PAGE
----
In the wake of the growing number and crescendo of Occupy Wall Street protests and the rising level of alarm among conservative politicians and pundits, one would think that there would be a wave of counter demonstrations by the rank and file of the Tea Party movement which is supposed to be so vociferous about “taking their country back.” However, to date, these counter demonstrations have not materialized and that leads to the question: What became of all the energy that the Tea Party movement displayed back in the summer of 2008 during the health care town halls?
That the Tea Party movement’s popularity is on the wane is by now an established political fact. Likewise it’s declining popularity among those who earn less than $50,000.00 a year is also an established fact. That’s probably a big reason behind the lack of spontaneity, energy or interest in launching a counter effort to the Occupy Wall Street movement. Are there simply not enough foot soldiers around to man the front lines of a counter attack on the scale of the Occupy Wall Street demonstrations? Or if a large number of rank and file Tea Party members still exist do they lack the fire in their bellies that they had in the summer of 2008 and if so why? I’ve gotten some real pushback from pointing out the fading allure of the Tea Party movement but when I’ve asked my critics to provide me with some independently verifiable proof to the contrary all that I have received in response are people’s unsubstantiated opinions or deflections that the Wisconsin recall elections is proof of the Tea Party’s continuing viability. However the Tea Party wasn’t on the ballot in Wisconsin and I don’t think that any of the Republican winners were Tea Party sympathizers either. At any rate Republican’s suffered a net loss of two seats so that doesn’t square to well with the claim that Wisconsin was a referendum on the Tea Party movement, it wasn’t.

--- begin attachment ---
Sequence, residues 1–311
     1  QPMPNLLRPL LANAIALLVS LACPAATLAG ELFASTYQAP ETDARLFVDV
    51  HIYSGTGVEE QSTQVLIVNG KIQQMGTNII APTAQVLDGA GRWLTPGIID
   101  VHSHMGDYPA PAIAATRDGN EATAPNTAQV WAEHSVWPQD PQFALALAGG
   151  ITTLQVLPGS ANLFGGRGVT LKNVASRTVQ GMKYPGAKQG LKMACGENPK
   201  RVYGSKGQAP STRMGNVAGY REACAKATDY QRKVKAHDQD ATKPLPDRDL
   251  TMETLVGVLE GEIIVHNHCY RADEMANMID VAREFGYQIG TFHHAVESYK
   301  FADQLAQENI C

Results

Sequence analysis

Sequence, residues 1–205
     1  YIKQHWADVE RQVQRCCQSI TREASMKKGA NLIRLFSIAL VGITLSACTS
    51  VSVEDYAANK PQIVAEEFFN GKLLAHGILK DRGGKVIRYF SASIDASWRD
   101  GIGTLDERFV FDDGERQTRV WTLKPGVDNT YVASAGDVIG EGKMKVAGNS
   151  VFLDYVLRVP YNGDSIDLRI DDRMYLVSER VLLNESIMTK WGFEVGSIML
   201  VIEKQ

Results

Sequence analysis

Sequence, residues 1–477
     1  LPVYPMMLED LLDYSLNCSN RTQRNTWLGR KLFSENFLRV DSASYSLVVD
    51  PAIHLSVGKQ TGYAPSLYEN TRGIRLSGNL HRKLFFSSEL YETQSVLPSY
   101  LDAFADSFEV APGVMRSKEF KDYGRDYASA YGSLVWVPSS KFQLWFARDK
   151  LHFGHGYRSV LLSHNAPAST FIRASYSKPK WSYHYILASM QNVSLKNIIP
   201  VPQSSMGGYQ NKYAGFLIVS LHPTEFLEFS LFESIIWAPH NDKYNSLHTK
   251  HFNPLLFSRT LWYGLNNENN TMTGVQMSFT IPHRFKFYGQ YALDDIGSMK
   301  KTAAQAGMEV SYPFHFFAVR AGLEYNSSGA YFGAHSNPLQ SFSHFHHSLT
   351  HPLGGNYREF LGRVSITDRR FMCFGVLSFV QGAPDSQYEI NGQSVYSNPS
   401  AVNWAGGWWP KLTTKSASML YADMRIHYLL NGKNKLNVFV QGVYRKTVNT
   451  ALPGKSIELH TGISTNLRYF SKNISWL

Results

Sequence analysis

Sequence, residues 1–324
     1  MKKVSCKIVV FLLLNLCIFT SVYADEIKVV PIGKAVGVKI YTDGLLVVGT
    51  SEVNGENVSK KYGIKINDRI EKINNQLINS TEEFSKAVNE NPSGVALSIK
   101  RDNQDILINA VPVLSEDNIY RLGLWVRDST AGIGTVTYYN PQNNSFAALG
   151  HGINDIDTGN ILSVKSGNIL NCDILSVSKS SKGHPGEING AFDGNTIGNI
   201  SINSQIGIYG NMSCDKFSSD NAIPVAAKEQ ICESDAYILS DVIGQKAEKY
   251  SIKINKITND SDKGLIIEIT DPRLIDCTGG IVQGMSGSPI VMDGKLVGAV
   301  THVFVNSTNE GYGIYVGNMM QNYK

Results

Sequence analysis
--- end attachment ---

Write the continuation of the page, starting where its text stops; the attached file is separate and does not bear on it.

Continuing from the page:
Now I know the comeback that will surely come from my own Tea Party family members and friends: “Tea Party people are all at work or doing something with their families.” Well that’s a quaint notion isn’t it? However, if this crowd was so busy with work and family in 2008, where did they find the time to protest and in many cases disrupt congressional town halls? Surely with the Occupy Wall Street movement now a 24 / 7 operation there’s got to be some time on the weekend to devote to attending counter demonstrations if you’re really interested in “taking your country back” from protestors who are making the same claim. Likewise there’s time after work, on the way home, seeing that so many of the 147 plus “Occupy” demonstrations are taking place in America’s business districts or government centers. It’s like a tug of war where only one team has shown up. Where is team Tea Party?
The last time I saw anything about a right-wing street protest was this past summer when Michele Bachmann called out the troops to protest in front of the Capitol in opposition to raising the debt ceiling. However, there weren’t even enough people at the demonstration to fill up the view of a wide angle camera lens. Again the lack of passion in the street on the right was undeniable. Yet beyond the politicians and cable news crowd there is now a telling quiet on the right, a quiet that leads me to believe that some part of the message coming out of the Occupy Wall Street movement is resonating on the right as well. The pain of the Great Recession doesn’t differentiate on the basis of political philosophy and the notion that perhaps the rich aren’t paying their fair share, that more needs to be done about jobs or that a lightly regulated financial sector almost drove the economy into another Great Depression more likely than not resonates with lower income conservatives who are being pummeled economically just as it does with others. At any rate it’s hard to deny, that in the highly polarized political landscape of today’s America, a lack of a street response from the right is rather peculiar. That peculiarity exists especially in light of all the hyperventilated rhetoric flowing from conservative talk radio, cable channels and the blogosphere. Moreover, due to the fact that the radicalized right took to the streets in summer of 2008 in response to the supposed threats that the Obama administration posed to their version of what America should be one would think that they’d be back in the streets again. Shouldn’t the right be in the streets so as to stand up to a movement that they believe to be, beyond the shadow of a doubt, anti-American or even ‘Marxist”? Yet they’re nowhere to be found and to me that speaks volumes.